December 20, 2018 - 5:45am
By Aly Winks
For the first time in its thirteen-year history, the Perry Shawana Award from the BC Aboriginal Child Care Society (BCACCS) was given to an institution. Vancouver Island University shared the award with long-time Aboriginal child advocate Mabel Louie.
The Perry Shawana Award goes to an individual or, in this case, institution, “who, through volunteerism, advocacy, policy-making, or research, has contributed to and advanced the notion of the need for safe, nurturing, and high quality child care and early learning services for BC’s Indigenous children.”
VIU was chosen for, “its long history of working closely with local Aboriginal communities and agencies to provide education and services that enhance the learning experiences and opportunities for Aboriginal students in First Nation Studies, Child and Youth Care, and Early Childhood Education and Care as well as Aboriginal students attending other courses and programs across the campuses. Over the last three decades, VIU has undertaken many diverse initiatives to strengthen the presence of local First Nations culture and tradition. VIU’s efforts and approaches show a commitment to and respect of Aboriginal students, faculty, and community and a vision of high quality, inclusive educational experiences for all.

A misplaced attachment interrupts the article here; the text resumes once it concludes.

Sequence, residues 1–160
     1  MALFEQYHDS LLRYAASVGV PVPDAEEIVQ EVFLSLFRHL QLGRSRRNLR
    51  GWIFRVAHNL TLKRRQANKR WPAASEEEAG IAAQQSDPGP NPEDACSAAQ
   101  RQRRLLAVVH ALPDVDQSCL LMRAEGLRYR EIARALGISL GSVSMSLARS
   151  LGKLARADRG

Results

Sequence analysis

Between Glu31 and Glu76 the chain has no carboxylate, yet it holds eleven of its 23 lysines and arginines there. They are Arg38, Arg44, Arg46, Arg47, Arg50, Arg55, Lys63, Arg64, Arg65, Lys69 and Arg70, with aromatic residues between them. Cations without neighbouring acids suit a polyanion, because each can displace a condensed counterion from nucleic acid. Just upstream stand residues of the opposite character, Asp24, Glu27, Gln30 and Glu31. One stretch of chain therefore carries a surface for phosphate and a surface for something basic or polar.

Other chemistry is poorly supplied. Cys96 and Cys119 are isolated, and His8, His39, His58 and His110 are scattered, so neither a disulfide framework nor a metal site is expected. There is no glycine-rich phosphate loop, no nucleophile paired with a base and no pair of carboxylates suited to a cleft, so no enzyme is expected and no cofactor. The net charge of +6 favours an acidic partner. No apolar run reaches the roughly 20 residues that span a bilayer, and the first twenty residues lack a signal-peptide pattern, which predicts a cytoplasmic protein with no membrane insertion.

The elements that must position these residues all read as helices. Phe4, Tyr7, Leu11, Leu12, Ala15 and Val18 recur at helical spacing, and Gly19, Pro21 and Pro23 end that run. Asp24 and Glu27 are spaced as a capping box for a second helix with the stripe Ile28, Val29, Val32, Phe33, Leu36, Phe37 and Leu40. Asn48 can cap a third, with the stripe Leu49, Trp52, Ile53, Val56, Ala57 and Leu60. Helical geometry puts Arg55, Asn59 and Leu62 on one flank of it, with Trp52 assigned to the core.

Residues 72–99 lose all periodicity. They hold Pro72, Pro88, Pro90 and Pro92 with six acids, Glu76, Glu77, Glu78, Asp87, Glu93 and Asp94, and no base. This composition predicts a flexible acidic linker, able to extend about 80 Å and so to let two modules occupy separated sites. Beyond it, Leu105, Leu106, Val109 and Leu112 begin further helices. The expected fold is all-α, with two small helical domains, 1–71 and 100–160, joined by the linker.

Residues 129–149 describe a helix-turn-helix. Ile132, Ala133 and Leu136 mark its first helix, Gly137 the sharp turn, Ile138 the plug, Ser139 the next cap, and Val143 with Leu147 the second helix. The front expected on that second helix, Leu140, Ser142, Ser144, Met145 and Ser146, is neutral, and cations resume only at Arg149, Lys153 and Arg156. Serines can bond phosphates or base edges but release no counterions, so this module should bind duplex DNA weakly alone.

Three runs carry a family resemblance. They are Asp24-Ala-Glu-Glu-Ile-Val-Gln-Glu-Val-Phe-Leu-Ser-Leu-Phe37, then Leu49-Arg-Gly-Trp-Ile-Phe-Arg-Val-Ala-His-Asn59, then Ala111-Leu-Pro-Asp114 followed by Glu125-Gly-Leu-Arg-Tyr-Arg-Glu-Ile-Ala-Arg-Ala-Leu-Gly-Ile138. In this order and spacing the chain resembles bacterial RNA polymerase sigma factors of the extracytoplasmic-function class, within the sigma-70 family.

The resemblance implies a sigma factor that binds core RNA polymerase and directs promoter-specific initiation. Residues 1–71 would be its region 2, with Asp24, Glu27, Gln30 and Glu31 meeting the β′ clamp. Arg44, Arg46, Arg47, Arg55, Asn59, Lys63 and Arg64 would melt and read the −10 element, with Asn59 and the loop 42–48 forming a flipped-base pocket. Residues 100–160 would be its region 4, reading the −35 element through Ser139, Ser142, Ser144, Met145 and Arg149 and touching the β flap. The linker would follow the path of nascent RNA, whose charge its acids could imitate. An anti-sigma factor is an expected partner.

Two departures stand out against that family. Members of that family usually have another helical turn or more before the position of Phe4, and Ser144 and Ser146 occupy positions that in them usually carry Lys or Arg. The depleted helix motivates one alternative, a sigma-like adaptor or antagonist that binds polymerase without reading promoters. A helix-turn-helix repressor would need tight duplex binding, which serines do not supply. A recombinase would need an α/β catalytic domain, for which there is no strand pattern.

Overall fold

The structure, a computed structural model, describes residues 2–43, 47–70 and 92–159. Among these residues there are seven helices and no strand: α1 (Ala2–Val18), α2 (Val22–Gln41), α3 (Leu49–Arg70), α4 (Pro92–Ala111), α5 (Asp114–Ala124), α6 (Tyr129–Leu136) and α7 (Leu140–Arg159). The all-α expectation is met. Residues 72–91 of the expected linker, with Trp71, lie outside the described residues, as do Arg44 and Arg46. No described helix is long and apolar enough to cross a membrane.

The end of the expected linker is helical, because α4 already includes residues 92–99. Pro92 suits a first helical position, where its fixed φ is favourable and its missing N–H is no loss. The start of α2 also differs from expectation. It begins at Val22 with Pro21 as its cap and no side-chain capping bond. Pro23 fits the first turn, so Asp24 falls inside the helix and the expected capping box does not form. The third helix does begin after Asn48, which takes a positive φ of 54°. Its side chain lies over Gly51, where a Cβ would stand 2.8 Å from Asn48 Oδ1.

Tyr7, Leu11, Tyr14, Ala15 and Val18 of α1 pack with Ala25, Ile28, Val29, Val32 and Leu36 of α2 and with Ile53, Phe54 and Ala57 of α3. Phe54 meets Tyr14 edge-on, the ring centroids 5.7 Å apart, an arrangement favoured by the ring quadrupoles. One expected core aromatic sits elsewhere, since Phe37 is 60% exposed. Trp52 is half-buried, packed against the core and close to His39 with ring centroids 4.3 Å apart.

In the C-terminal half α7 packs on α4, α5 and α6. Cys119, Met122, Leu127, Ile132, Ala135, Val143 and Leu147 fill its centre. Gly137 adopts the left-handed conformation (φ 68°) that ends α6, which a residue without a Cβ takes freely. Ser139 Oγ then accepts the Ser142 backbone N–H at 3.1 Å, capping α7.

Although VIU experiences many of the same constraints as other institutions they have shown willingness to work toward creating institutional practice and policy that acknowledges their partners as equals and that actively seeks culturally appropriate, relevant, and sensitive ways to accomplish this.
The early childhood initiatives and programs offered by the institution have shown strong leadership in their local communities and beyond to build programs and develop curricula that reflect the First Nation and Aboriginal communities in the region and that respond to the particular issues and interests of the organizations with whom they work. VIU and BCACCS partnerships have shown that we can create new ways and ‘good’ ways of working together that benefit students and early childhood practitioners, ultimately supporting Aboriginal early childhood practice that benefits the children and families of our communities.”
VIU President and Vice-Chancellor Dr. Ralph Nilson collected the award on behalf of VIU. He was honoured to receive the award alongside Ms. Louie who has been a tireless advocate for family and education rights for Indigenous peoples. She has two hereditary names and is from the Frog Clan. She is also one of the founding members of the BC Aboriginal Child Care Society.
Tags: In the Community